First of all, the narrator sounded like he should be doing tv infomercials for reusable paper towels. Second, the story should be very interesting ( I am a history buff) but strangely it isn't. Perhaps it was the need to constantly refer to the painting at issue during (especially) the beginning of the book; the inability to see what the author was talking about. The first quarter of the book seemed to be a description of the artwork; the second quarter was a general history of the artwork up to the first world war, the third quarter was about the theft of the panels in the 30's and the last part was about its rescue from the Nazis in WWII.
Some of the symbols were discussed, but not the mystic symbolism, other than the obvious. Even the parts which could have been exciting and suspenseful were not written to keep one's interest.
I wanted to like it, and I did learn a bit but was irritated the whole time. Perhaps it was the narrator -- listen first and decide if you can listen to hours of the guy.
This magical book allows you to escape into it, and then sigh with both satisfaction and disappointment when you are finished. Satisfaction for a well told story in a world you want to stay in, and disappointment because the circus tent has come down and you must go back home.
Many of Ms. Rice's books go on for hundreds of pages and then stop -- no ending. This became annoying, especially with the Mayfair witch books. This one wraps up quite a few stories and has an ending. Bravo! The appendices gives a brief outline of the characters and a chronology. . . (Hint: Audible, it would be nice to have pdf versions of these for reference)
It was a bit difficult to recall all the details of the other books in order to make sense of this one. (see hint above)
And the descriptions get a bit tedious at times, but then, these are the sorts of details that characterize Ms. Rice's best work. I enjoyed her use of the English Lit professor to take a shot at the proliferation of vampire lit out there.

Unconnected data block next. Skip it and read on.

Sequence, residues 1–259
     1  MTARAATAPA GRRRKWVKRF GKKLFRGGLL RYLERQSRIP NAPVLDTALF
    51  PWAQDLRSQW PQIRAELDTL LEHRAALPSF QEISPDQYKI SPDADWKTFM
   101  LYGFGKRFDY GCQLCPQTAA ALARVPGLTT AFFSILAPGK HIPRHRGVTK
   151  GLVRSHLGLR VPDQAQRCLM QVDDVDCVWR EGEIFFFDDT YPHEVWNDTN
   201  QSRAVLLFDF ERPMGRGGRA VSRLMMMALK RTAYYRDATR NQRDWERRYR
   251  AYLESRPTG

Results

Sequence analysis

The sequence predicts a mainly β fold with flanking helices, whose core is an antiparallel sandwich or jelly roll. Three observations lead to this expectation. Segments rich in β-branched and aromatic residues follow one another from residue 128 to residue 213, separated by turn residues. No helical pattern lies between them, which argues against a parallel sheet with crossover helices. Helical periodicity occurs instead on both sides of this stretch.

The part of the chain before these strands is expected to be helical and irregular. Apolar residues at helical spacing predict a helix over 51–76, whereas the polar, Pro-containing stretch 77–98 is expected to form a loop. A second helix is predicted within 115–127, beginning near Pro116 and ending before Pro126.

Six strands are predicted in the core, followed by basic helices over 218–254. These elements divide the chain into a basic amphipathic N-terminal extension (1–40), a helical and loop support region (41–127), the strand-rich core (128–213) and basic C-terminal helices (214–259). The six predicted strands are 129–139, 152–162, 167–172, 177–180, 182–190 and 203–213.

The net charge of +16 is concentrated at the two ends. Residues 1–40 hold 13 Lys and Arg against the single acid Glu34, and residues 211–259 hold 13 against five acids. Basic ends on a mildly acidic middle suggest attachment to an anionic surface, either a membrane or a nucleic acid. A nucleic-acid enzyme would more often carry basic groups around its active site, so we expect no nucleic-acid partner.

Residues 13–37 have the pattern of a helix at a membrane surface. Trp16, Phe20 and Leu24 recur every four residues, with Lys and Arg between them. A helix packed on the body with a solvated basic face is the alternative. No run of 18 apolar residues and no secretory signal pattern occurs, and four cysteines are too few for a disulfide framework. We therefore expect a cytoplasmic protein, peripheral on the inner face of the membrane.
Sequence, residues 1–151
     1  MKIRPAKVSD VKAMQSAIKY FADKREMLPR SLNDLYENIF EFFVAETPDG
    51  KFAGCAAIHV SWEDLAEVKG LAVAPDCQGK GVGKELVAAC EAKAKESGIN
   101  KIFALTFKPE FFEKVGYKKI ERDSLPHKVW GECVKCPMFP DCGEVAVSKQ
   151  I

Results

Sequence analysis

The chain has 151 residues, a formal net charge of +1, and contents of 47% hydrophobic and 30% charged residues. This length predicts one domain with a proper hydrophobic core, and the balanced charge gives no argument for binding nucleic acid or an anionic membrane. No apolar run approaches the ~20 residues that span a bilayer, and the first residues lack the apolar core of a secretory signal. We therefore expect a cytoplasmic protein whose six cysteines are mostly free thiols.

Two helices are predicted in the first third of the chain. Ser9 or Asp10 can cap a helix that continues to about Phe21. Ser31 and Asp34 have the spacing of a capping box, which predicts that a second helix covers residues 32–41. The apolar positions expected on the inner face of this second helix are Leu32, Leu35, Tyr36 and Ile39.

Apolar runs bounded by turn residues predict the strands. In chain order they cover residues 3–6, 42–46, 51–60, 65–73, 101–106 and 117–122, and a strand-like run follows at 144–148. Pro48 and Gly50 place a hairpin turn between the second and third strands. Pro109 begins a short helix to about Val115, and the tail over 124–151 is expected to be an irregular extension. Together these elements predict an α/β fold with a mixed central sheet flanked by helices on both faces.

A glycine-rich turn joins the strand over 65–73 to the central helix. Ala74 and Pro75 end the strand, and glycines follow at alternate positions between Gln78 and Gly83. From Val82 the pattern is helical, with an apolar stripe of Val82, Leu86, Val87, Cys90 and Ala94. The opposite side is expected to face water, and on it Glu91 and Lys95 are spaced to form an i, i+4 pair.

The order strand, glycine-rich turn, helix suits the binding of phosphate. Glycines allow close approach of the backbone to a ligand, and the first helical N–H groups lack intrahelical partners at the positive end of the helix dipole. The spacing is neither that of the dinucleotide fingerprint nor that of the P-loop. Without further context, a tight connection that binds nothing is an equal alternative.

But really, Ms. Rice's writing is what started it all, and this book shows you why. The story is good, the characters are intelligent and act within the logic of the book. I got lost in the book, which to me is the hallmark of a great book. It made me want to go back and re-read the other dozen novels and then read this one again.
The story was very good -- a few surprises but one could figure it out along with the detectives. I was at first disappointed that there was a new narrator, but Mr.Welliver has a nice deep voice, and I enjoyed the telling once I got used to it. Others complain that Mr. Welliver was monotone, but I disagree. The story is a police procedural and much of the procedure cannot be narrated in an excited tone. I enjoyed the book -- couldn't put it down, and as usual, am looking forward to the next installment.
Not one of Grisham's best; but for the ending, might have been a romance book. . . . heroine gets laid off from fancy pants new york firm goes to Appalachia, describes abhorrent conditions, finds the joys of working for real people.
If you are at all a fan of the movie, and want some insights into the making of the movie, you need this book. Cary Elwes does an excellent job reading it; his stories are both funny and touching, like the book itself. A gem. I listen to many books. This one was special.
I enjoyed the book. There was enough history of mapmaking to put the story in context. Indeed, the short history was probably the best part of the book. One gets some insight into the main character, and there are also interesting details regarding those in the business and the libraries which were victims of the crimes. I only wish there had been some illustrations or photos included.
This collection of stories was great. I really enjoyed the historical stories, as well as the more current ones. The writing was excellent; and unusually, the author was a good narrator. If you are looking for something different, try this out. The story on Geeshie Wiley was the best thing I have read all year.
In this book, hero wakes up in unknown place and tries to get back home. He is chased by all sorts of bad guys. Then he finds out "the truth". Just wasn't for me. I thought it might be like Shutter Island, which I enjoyed.
great story, great narration, did not want to put it down! There are two intertwining stories, nicely done; Rudnicki is wonderful as always. I have only read a few Orson Scott Card books, but will definitely look for more.
The writing is awful; the narration is like listening to a poor reader being forced to read aloud at school; don't bother.
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